*where = c | att;	/* Character AND attributes: color */

    /* If the cursor has reached the edge of the screen's width, we
    *  insert a new line in there */
    if(csr_x >= 80)
        csr_x = 0;

    /* Scroll the screen if needed, and finally move the cursor */

/* Uses the above routine to output a string... */
void puts(unsigned char *text)
    int i;

    for (i = 0; i < strlen(text); i++)

/* Sets the forecolor and backcolor that we will use */
void settextcolor(unsigned char forecolor, unsigned char backcolor)
    /* Top 4 bytes are the background, bottom 4 bytes
    *  are the foreground color */
    attrib = (backcolor << 4) | (forecolor & 0x0F)

/* Sets our text-mode VGA pointer, then clears the screen for us */
void init_video(void)
    textmemptr = (unsigned short *)0xB8000;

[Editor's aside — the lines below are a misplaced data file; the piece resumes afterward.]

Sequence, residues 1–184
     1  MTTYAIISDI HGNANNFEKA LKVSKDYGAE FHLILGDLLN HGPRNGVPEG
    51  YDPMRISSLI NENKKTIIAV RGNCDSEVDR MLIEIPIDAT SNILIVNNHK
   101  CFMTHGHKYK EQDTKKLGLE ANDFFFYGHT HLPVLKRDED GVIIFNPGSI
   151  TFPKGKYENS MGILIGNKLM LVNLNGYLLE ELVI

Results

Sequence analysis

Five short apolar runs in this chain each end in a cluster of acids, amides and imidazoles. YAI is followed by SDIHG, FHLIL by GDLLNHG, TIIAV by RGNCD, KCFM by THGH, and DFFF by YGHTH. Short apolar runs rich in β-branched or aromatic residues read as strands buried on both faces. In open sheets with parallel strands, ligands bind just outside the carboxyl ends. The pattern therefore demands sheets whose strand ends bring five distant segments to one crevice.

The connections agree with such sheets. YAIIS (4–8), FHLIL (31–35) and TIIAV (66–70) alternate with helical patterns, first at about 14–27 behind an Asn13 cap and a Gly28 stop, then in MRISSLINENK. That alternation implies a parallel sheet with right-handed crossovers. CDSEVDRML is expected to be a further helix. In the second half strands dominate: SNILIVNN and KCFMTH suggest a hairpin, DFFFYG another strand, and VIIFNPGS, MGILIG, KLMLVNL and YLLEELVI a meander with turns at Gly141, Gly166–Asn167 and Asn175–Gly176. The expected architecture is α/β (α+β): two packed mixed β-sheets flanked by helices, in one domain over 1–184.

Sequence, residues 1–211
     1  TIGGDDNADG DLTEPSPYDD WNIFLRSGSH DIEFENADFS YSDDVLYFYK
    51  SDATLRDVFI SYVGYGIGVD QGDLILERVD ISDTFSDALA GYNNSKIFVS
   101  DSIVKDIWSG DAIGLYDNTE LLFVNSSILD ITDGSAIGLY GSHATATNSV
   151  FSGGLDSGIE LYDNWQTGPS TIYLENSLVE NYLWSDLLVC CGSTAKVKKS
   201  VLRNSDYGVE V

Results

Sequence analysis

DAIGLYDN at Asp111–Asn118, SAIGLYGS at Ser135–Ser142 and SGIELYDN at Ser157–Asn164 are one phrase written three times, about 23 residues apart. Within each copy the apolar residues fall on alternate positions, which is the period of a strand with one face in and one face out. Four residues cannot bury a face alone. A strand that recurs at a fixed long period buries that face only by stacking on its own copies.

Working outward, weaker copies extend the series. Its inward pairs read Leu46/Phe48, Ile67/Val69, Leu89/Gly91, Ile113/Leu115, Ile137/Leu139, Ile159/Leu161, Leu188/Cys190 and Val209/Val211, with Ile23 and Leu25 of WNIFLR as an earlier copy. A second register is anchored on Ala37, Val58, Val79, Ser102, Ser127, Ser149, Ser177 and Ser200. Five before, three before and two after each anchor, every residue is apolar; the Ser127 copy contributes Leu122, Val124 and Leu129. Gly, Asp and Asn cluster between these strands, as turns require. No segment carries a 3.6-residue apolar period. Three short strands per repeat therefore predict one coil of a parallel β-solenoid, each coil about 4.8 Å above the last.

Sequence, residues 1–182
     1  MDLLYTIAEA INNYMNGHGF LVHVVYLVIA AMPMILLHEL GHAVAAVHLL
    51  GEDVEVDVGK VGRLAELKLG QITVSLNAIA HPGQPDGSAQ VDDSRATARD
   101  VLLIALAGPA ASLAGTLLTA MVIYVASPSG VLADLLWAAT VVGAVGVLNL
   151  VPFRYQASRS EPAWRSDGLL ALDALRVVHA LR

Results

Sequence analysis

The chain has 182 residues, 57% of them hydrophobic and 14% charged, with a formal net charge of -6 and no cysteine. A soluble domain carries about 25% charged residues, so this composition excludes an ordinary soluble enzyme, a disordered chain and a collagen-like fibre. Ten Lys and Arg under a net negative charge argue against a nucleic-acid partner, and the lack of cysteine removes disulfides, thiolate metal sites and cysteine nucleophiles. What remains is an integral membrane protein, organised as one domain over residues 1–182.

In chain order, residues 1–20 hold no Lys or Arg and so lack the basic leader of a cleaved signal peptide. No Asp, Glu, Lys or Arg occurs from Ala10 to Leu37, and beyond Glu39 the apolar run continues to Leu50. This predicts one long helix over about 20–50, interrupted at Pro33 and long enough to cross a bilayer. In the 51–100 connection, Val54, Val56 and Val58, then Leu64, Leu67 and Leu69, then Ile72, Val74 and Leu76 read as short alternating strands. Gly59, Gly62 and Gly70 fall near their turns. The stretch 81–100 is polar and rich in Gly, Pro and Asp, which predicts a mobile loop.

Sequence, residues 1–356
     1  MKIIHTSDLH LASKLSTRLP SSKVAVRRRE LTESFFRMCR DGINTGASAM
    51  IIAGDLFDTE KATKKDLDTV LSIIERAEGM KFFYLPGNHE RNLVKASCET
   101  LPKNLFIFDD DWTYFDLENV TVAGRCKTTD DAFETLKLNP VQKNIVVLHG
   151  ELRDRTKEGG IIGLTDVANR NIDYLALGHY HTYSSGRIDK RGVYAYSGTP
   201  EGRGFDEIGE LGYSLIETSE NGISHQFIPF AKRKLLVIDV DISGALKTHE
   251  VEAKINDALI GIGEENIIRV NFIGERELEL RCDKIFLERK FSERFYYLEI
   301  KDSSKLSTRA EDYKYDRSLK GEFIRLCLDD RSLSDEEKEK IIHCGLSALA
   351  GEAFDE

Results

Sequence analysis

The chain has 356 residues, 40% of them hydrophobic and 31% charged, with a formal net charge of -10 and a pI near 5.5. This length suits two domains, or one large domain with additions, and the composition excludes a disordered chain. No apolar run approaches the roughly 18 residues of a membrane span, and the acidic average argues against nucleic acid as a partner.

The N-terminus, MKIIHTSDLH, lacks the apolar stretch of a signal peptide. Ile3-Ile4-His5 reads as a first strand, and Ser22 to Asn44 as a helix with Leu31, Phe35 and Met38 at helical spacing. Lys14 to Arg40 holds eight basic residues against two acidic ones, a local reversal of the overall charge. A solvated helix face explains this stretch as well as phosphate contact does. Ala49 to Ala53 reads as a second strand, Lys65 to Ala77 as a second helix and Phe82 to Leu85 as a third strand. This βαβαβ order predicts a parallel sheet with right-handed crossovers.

Printing to the screen: 'scrn.c'

Next, we need to compile this into our kernel. To do that, you need to edit 'build.bat' in order to add a new gcc compile command. Simply copy the command in 'build.bat' that corresponds to 'main.c' and paste it right afterwards. In our newly pasted line, change 'main' to 'scrn'. Again, don't forget to add 'scrn.o' to the list of files that LD needs to link! Before we can use these in main, you must add the function prototypes for putch, puts, cls, init_video, and settextcolor into 'system.h'. Don't forget the 'extern' keyword and the semicolons as these are each function prototypes:

extern void cls();
extern void putch(unsigned char c);
extern void puts(unsigned char *str);
extern void settextcolor(unsigned char forecolor, unsigned char backcolor);
extern void init_video();
Add these to 'system.h' so we can call these from 'main.c'

Now, it's safe to use our new screen printing functions in out main function. Open 'main.c' and add a line that calls init_video(), and finally a line that calls puts, passing it a string: puts("Hello World!"); Finally, save all your changes, double click 'build.bat' to make your kernel, debugging any syntax errors. Copy your 'kernel.bin' to your GRUB floppy disk, and if all went well, you should now have a kernel that prints 'Hello World!' on a black screen in white text!